Saturday 2 August 2014

Obama aide teaches Irish women how to get elected

Niall O'Connor

Published 24/04/2014|02:30

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Jen O’Malley Dillon (centre), a key strategist on President Obama’s team, with Women For Election founders Niamh Gallagher (left), Michelle O’Donnell Keating and local election candidates who attended the workshop, at the European Parliament Offices in Dublin yesterday. Photo: Tom Burke

A key strategist in the Barack Obama election team has urged women running in the local elections to show confidence and spend time meeting people face-to-face.

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Jen O'Malley Dillon also called on Irish authorities to make it easier for women to enter politics.

She said many women were still reluctant to get involved, and that extra support was required to assist those keen on getting involved in their communities.

Ms O'Malley Dillon, who served as President Obama's deputy campaign director, encouraged female candidates in the upcoming local elections to strike a balance between knocking on doors and using social media.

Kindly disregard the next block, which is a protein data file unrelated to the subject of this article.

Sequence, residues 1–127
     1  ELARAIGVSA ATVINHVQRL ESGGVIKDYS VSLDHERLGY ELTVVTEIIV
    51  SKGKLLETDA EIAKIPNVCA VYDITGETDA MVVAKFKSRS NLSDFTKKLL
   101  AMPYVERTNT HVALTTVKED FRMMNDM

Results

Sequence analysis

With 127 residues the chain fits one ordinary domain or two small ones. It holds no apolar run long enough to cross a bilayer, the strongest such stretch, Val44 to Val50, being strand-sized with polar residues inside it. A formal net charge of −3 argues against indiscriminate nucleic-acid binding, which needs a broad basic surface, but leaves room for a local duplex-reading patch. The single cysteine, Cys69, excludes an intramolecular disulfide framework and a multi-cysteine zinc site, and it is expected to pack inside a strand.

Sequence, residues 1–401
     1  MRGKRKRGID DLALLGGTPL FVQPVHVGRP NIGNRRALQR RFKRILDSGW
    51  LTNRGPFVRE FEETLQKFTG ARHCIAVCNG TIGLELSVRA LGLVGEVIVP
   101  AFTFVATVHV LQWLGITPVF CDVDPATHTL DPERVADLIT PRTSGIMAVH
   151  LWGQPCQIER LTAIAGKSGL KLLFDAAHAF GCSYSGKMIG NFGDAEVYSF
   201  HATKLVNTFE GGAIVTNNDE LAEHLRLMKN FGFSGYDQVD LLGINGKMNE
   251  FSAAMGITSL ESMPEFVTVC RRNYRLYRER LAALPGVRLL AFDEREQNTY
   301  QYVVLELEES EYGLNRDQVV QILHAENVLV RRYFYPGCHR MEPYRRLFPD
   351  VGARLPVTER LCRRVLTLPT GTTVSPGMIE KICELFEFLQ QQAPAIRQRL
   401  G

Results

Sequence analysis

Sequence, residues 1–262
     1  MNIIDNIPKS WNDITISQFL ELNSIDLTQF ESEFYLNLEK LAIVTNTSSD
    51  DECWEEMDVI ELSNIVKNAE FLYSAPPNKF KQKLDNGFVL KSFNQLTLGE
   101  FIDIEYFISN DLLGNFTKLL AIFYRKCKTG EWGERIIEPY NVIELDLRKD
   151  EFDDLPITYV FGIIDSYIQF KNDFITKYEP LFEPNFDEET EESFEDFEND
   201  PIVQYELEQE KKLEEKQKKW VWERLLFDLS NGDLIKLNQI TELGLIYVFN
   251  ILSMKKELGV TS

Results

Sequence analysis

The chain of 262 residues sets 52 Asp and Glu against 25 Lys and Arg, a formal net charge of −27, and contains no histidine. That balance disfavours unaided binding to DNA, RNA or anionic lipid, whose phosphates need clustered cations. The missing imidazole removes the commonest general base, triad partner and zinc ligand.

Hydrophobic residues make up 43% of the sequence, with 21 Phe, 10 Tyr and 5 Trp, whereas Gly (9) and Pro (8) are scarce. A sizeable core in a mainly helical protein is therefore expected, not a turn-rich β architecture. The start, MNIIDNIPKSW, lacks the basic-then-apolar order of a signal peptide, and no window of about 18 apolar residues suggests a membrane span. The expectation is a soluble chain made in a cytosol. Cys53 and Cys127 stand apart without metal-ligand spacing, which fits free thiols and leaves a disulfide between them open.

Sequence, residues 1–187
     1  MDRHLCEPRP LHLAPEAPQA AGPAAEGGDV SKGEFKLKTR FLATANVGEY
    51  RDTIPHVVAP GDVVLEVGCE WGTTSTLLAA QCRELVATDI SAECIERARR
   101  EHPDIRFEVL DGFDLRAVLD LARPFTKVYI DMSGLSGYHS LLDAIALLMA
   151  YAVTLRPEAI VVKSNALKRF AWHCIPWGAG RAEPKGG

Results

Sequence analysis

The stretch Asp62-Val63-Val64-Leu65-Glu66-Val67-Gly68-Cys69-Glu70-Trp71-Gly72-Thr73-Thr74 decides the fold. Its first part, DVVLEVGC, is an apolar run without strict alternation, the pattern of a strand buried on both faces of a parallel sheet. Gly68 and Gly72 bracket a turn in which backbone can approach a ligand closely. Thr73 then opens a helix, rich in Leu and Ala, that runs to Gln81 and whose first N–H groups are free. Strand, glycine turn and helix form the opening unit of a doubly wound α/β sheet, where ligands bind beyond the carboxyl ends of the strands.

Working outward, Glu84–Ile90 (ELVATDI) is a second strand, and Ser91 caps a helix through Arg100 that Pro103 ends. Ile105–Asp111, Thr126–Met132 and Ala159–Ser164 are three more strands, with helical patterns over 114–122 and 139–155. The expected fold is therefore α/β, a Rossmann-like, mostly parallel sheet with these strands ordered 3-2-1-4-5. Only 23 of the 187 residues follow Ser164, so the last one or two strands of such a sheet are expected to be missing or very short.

"My message is you don't have to be the Obama campaign to get out there and be part of the process," she said.

"It's about meeting people, connecting with people and talking to them about the issues they care about. So, anyone can do that – and we need more women to do it."

The political consultant said that issues surrounding a lack of women were present in many developed countries, including Ireland and the US.

She insisted that the authorities needed to "create the environment where they feel there is opportunity for women in the process".

"We can help make it easier as women go through their journey to either run for office or just campaign or get involved in their local community," she told the Irish Independent.

Ms O'Malley Dillon was speaking at an event held by 'Women for Election' – a non-partisan organisation which aims to assist women in their bid to enter politics.

The event was attended by more than 20 candidates running in the upcoming local elections.

Asked about the use of social media, Ms O'Malley Dillon said: "Nothing is more important than meeting people face to face. That's the most important thing.

"But I think you can amplify that by representing the work that you're doing on social media," she added.

Irish Independent

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